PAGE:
The Materiality of Devotion

From Manuscript to Print

An exhibition curated by Dr. Sarah Bogue, Kelin Michael, and Emma de Jong.

Devotion is a fully embodied activity that engages the senses as well as the heart and mind. The Materiality of Devotion: From Manuscript to Print provides visitors with the opportunity to explore a variety of objects, texts, and images that supported devotional practices in the medieval and early modern world. The exhibition invites visitors to consider both the form and the content of these sources, which include traditional theological and biblical material as well as musical scores, cityscapes, and poetry. Though these materials have been removed from their original contexts (manuscript leaves excised from full books and books removed from their sacred or secular settings), the exhibition offers a glimpse into the rich and endlessly multimodal world of premodern devotion.

The exhibition drew on Pitts Theology Library’s medieval manuscripts as well as its world-renowned early print collection, and also benefits from generous loans made by the Stuart A. Rose Manuscript, Archives, and Rare Book Library and the Michael C. Carlos Museum.

In conjunction with our Materiality of Devotion exhibition, Pitts Theology Library hosted a one day symposium based around the objects and themes of that exhibition on March 1, 2019. The event included seven speakers from Emory and the greater Atlanta community, representing the fields of conservation, art history, medieval and early modern history, and the history of all three Abrahamic religions.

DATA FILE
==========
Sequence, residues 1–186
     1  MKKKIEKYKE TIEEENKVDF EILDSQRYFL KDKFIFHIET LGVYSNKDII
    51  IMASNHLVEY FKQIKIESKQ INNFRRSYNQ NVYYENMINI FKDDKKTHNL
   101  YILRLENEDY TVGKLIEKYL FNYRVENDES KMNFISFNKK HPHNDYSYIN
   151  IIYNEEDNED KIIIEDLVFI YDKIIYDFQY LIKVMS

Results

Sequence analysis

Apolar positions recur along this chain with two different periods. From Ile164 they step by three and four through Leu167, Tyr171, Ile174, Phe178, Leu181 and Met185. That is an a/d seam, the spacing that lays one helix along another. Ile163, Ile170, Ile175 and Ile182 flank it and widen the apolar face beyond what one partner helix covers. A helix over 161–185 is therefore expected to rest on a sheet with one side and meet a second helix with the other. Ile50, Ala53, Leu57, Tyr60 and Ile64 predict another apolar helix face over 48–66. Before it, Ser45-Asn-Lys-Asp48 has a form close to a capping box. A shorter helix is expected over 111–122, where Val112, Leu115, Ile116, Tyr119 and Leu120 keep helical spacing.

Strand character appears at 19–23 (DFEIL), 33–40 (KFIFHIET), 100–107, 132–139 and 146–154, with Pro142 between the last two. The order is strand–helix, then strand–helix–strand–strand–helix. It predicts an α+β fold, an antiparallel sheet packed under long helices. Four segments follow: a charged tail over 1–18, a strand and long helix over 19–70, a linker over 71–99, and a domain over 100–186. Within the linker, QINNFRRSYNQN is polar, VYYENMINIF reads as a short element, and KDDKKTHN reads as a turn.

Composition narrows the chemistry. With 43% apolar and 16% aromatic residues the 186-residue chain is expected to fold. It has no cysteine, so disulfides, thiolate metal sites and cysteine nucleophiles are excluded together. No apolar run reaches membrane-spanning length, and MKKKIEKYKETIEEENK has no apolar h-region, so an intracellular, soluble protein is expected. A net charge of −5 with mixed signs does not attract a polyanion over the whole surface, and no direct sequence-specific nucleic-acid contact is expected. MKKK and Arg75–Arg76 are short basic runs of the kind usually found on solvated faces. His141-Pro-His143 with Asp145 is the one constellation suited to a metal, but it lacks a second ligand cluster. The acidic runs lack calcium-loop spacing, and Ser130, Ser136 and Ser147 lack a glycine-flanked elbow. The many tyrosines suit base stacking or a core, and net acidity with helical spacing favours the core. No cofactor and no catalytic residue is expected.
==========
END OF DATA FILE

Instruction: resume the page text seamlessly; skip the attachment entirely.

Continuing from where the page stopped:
See video of all eight lectures.

See the full list of speaker bios.

The symposium began with a keynote address by Dr. Lynley Herbert, Associate Curator of Rare Books and Manuscripts at the Walters Art Museum. Dr. Herbert’s talk on Fragmentary Manuscripts examined all that goes into making a book, particularly the complexities inherent in dealing with dismantled books. How do art historians go about solving the puzzle of single leaves?

Thanks to generous funding from the Mellon Humanities PhD Intervention Program and the Laney Graduate School New Thinkers/New Leaders Program, there was no cost to attend this event!

See the full schedule and abstracts for this event.

Please contact Sarah Bogue (sbogue@emory.edu) with any questions or concerns about this event!